Tomorrow President Obama will make his first State of the Union address. I don't expect much more than empty rhetoric to come from this speech, and I wouldn't encourage any of my fellow citizens to hold their breath. As Obama encourages us, and the businesses and corporations we work for, to scrimp and save, he's gone on a spending spree that has furthered a bleak recession in America. It's like watching a teenager with a credit card, recklessly throwing money away without any recourse or even any attempt at knowing where that money's been thrown. If President Obama were in charge of a corporation, he would be sharing a cell with Madoff by now. But somehow, because he's spending my tax money, its legal for him to be so "generous" to his friends and political allies.
I post this article by Edwin J. Fuelner, President of the Heritage Foundation, here to read. As with all their articles and writings, the Heritage Foundation has been a beacon of truth and right reason for the conservative movement. They have articulated well the course of action President Obama should take to help get the Union back on track. I implore the Heavens to have mercy on our great nation, and that this man's heart may be converted to all that is good and all that is true.

The State of Our Union
The President of the United States tomorrow will inform the Congress on the State of our Union, as he is constitutionally mandated to do. The past 12 months have seen our country head down a dangerous course, and The Heritage Foundation can only hope that the President will use this time of reflection, coming on the heels of a stunning electoral loss, to change direction.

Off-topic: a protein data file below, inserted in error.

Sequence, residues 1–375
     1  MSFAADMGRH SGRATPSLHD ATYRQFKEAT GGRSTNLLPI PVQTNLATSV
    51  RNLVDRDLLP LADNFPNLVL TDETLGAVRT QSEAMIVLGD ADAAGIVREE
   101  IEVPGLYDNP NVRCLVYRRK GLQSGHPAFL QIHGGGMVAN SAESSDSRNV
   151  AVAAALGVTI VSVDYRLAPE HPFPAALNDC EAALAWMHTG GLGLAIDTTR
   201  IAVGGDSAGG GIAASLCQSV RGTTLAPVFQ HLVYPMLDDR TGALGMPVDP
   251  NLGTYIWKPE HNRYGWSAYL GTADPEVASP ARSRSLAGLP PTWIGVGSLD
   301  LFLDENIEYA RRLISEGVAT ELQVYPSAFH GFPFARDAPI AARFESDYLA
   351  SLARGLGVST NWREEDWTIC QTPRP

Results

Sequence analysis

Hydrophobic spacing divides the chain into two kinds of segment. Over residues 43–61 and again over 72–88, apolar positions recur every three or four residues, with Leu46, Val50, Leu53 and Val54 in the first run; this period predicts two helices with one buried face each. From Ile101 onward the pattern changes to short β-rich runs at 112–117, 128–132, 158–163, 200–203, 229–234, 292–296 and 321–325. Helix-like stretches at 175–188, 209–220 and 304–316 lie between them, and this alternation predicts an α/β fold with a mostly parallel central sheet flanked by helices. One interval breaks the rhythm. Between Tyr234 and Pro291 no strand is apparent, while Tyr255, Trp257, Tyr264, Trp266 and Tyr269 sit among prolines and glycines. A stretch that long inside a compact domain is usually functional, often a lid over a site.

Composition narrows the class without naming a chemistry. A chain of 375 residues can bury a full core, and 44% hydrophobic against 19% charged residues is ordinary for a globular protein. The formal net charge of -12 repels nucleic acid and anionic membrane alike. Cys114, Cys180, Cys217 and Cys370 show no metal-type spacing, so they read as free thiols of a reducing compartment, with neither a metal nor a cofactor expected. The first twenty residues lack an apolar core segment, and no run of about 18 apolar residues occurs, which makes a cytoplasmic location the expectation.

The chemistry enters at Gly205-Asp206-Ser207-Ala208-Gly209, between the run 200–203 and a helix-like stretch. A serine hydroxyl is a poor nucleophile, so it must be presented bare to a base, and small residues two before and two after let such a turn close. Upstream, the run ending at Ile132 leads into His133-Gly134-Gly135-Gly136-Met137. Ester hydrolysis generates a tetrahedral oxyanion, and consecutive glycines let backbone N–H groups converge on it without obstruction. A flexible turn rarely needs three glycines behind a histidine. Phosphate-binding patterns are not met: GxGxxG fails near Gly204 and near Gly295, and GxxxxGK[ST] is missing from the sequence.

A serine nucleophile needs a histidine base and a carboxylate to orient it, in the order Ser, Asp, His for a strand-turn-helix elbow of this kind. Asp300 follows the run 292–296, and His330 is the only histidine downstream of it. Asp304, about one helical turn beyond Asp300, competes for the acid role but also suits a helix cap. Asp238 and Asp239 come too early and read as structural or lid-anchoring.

You must recognize, Mr. President, that the State of the Union is not good. You need a new approach and fresh domestic and foreign policies. The caps on spending which reports last night said you were considering are but an exceedingly modest first step, and the devil is in the details. The caps will do virtually nothing to improve the nation’s fiscal health unless you tackle Social Security, Medicare and Medicaid. Shifting tactics and stoking populism will be both cynical and condescending to the voters, who will see through this strategy. Mr. President, it’s the policies you need to change, not the spin.

In 2008, you promised economic recovery and sound financing. You promised to keep our country safe. You also promised bipartisanship.

Instead, our nation is enduring high unemployment and slow growth, due to surging spending and government borrowing. Bailouts and a pork-ridden “stimulus” bill will not get our country back on track. High unemployment comes primarily from the lack of job creation, rather than job destruction. Our research shows that your Administration’s policies have created uncertainties that have hindered risk-taking by entrepreneurs.

And now, faced with difficulties, instead of changing course you are doubling down and promising increased regulation. The challenges you have faced in one year in office—tea parties, town halls, three tough electoral losses—should have made you rethink your policies. Americans have always preferred limited government over the expansionist kind, lower—not higher—taxes, rational policies, not punitive ones. Your advisors are misreading the public, and economic reality, if they think increased red tape and government control will cure any of our ills.

The Index of Economic Freedom, which The Heritage Foundation publishes annually alongside The Wall Street Journal, tells the story. This year, for the first time since we started publication of the Index, the United States has fallen from the top tier “free” category. Yes, about half of this fall came because of decisions taken by your predecessor, but your policies have dramatically accelerated this descent. And our Index, issued last week on the anniversary of your inauguration, does not even take account of the second half of your year in office.